You: “Oh, I’m a writer. I don’t do SEO.”
Yes you do.
If you’re a writer, then search engine optimization is part of your job. And that’s because you write for the internet, which SEO plays a huge part in.
In this blog, we’re going to start with some of the basics.
Psst! Is video more your style? Check this out!
Here’s the good news: Learning SEO basics is probably a lot more straightforward than you’re thinking, and even making small adjustments to your content can drive noticeable change.
This blog is not exhaustive. We won’t cover everything, because there’s too much. If you want a more in-depth tutorial, then go enroll in my course for writers, How to Blog Like a Pro. You can use the code 33off to get 33% off at checkout.
Alright, SEO basics. Let’s go.
The SEO Basics That Freelance Writers Need to Know
How can you possibly know what to write about if you don’t know what people want to read about? That’s why topic research matters. Because why would you create content around topics that people don’t care about?
Don’t just pull an idea out of thin air. You need a reason to write about it.
There are a number of ways to research topics. One really simple way is to see what your competitors are covering. You can also see what’s trending on social media, because that’s going to give you a good indication of what people are paying attention to and searching for.
Another strategy is to take blogs you’ve already written that have performed really well, and piggy back off of them.
For example, on my own website, one of my best performing blogs is on SMMAs — social media marketing agencies. That tells me that maybe SMMAs are something people really want to learn about. So, recently, I went and published a second blog on SMMAs.
I’m going to give this new content some time, and if it outperforms my other blogs (just like the first blog I wrote on SMMAs), then I know that my audience really loves this topic.
Coming second after topic research is…
SEO largely involves optimizing your blog around a certain keyword, so you’re going to need… a keyword.
Like the topic of your blog, the keyword isn’t something you want to pull out of thin air. There’s more strategy involved, if you want to do this successfully. As a very general rule of thumb, look for keywords that are high-volume, low-competition.
This means that a lot of people are searching for it, but not a lot of content creators are building content around it. There’s demand, there’s search traffic, but it’s not saturated, so you’ll have an easier time being seen in the search results.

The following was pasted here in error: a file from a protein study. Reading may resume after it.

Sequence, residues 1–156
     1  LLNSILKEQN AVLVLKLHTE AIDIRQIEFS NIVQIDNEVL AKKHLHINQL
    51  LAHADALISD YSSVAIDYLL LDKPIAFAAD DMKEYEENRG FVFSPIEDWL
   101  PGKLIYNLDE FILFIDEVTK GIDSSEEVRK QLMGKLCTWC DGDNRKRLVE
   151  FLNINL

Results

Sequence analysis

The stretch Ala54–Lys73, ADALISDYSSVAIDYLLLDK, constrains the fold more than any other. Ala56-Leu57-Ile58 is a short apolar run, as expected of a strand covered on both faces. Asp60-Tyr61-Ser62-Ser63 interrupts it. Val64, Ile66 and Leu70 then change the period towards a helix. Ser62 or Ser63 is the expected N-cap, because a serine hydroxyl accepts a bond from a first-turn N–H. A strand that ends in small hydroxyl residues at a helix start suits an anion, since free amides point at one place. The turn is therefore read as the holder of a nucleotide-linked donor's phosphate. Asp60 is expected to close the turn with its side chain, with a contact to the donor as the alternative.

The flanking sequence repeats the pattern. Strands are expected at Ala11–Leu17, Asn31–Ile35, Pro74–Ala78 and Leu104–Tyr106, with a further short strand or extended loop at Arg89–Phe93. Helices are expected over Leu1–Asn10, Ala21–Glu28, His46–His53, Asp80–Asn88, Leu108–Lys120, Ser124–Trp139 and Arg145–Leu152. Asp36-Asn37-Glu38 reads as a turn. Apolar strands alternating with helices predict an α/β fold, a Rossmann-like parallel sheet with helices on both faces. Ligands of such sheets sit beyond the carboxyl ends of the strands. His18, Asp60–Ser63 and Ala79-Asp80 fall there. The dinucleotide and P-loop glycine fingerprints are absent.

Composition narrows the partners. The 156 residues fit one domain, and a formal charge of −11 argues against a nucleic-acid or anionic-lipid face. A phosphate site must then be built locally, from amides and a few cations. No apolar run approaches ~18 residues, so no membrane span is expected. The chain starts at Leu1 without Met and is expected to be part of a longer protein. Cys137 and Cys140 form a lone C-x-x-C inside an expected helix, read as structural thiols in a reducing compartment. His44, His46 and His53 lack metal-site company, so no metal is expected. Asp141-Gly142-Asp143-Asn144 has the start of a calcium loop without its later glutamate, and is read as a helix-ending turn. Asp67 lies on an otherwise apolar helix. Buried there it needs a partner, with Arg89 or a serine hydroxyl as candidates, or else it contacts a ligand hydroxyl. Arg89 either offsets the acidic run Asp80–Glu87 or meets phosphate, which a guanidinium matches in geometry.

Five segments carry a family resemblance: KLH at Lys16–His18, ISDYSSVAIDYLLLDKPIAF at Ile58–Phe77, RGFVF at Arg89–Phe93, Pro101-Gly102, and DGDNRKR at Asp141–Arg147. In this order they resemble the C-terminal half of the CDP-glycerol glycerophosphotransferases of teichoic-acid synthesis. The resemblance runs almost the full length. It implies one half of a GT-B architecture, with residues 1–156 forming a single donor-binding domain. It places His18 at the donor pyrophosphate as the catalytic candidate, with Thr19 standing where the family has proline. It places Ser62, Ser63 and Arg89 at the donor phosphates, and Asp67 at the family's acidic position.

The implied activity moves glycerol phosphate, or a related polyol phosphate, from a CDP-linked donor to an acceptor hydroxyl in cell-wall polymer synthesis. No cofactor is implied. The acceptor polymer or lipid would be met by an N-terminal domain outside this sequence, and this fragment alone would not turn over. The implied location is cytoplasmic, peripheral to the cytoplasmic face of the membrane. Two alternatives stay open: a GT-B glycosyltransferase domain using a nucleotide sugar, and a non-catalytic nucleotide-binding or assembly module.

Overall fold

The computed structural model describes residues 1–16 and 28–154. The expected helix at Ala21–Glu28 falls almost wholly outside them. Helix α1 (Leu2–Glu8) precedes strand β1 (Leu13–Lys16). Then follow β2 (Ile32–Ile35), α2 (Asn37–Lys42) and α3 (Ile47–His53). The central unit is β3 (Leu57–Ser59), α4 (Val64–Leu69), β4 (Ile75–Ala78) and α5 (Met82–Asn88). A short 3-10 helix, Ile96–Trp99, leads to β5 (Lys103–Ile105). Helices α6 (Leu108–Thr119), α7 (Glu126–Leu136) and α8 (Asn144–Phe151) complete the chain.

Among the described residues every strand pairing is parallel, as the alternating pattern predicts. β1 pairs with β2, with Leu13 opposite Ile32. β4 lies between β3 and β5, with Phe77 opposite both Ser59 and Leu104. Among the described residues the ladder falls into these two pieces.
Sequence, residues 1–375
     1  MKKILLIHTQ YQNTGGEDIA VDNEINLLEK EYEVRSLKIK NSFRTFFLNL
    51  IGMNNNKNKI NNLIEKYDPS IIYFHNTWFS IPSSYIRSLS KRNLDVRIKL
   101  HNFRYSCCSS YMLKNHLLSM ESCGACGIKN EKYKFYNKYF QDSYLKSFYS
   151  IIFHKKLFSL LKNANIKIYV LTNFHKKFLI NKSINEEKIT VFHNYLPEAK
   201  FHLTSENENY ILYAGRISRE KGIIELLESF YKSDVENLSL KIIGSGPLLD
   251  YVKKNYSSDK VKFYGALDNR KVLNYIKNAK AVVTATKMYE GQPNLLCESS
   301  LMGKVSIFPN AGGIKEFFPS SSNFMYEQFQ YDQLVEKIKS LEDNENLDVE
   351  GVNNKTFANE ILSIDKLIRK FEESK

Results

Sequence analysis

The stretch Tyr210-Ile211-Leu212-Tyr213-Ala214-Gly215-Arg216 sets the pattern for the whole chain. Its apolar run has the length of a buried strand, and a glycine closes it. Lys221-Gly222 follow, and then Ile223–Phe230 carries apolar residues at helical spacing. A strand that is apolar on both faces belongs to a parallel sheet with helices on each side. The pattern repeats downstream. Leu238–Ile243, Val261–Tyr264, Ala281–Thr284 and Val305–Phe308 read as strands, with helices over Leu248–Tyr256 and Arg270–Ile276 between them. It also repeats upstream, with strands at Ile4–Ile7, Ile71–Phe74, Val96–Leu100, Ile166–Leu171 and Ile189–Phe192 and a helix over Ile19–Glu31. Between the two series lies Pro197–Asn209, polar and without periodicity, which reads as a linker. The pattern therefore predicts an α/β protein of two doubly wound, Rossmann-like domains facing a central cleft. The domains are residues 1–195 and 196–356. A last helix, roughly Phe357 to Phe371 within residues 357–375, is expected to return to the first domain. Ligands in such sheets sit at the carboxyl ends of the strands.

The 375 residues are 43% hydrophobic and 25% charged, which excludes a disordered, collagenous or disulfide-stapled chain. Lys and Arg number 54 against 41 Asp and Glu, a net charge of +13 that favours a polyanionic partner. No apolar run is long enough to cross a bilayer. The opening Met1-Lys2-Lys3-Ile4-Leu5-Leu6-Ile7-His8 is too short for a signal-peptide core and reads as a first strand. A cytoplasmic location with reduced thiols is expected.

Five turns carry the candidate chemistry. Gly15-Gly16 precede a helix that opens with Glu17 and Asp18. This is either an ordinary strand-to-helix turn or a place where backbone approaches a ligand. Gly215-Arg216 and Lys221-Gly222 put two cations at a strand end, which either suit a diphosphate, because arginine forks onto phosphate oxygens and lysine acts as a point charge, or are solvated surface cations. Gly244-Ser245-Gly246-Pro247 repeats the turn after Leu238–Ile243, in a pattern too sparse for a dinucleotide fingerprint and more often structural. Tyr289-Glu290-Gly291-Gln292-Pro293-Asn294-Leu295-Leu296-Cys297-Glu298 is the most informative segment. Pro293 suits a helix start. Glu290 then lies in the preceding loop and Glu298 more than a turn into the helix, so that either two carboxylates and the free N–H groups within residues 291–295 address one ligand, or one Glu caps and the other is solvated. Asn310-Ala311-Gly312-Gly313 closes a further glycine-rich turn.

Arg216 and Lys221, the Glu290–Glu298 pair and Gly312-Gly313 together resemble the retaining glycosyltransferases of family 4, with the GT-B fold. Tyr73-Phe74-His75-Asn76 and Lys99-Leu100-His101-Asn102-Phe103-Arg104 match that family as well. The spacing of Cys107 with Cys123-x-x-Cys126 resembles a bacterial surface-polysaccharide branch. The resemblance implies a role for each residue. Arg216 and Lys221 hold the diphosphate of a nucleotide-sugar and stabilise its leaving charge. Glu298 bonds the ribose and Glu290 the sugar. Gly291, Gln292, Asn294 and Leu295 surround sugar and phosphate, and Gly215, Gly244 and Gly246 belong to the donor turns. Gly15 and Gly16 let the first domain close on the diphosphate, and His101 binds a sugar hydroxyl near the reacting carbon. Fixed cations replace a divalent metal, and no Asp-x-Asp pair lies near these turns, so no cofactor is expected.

There are tons of tools you can use to do keyword research. Ubersuggest from Neil Patel is one of my favorites. You can use this for free for up to three searches.
Keywords Everywhere is another one. This is a browser extension. They have it available for Chrome and Firefox. This is a paid tool. But if you start with the cheapest tier, which is $10, it will go a very long way. I purchased it a long time ago and I still haven’t used up all my credits.
Topic research and keyword research are where it all starts. If you want more in-depth help with this, I recently launched my new mini-course, Writing Wizardry , which focuses on these two things specifically. You can use the code launch10 to get $10 off at checkout.
(1) Topic research, (2) keyword research.
Third, we’ve got…
This is what most freelance writers immediately think about when they think of SEO.
We’re talking about using the keyword in the title, the URL, the first paragraph, and so on.
It goes further than this, though. Cramming your keyword in your blog as many times as possible used to work. It used to get you to rank.
It does not anymore. Google is way smarter than that.
This means you’re going to have to do much more to make SEO work for your content.
For instance, you’ll want to consider LSI keywords — latent semantic indexing — and incorporate those in your blog.
As an extension, keyword research also includes looking into user intent, also referred to as search intent. This means understanding exactly what someone wants to learn when they type in a specific phrase in Google, or any other search engine.
For example, if someone searches “email marketing” in Google, what about email marketing are they trying to find? Strategies? Email templates? Tips? Software and tools? Reviews and ratings? How to grow their email list?
What is their search intent?
Having the keyword is part of it, and optimizing your blog around that keyword is the next step.
But you need to make sure that when people search that keyword, they get the exact information they want to know.
I’ve got a whole video on search intent. Check it out…
(1)Topic research, (2) keyword research, (3) keyword optimization.
These are the first three things I do before every single blog I write.
Notice what these three things have in common: They’re all about making sure we’re giving the user what they want. That’s all that matters. It’s so important to give the user what they want because that is Google’s #1 priority.
Make the user happy and you’ll make Google happy. And if you do that, Google will rank you well and send you lots of delicious traffic.
In this blog, we’ve quickly scratched the surface of SEO basics for freelance writers, but as you probably guessed, there’s a lot more here. My writing course, How to Blog Like a Pro, goes into all the nitty-gritty. And you can enroll for 33% off using the code 33off. Click here to learn more and enroll.